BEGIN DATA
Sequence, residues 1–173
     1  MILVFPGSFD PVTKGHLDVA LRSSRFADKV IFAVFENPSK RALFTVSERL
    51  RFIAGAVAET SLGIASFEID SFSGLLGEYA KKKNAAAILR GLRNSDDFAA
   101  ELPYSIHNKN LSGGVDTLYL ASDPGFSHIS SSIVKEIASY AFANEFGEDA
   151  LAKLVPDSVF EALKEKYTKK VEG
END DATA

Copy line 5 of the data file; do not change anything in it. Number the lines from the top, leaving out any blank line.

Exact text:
   151  LAKLVPDSVF EALKEKYTKK VEG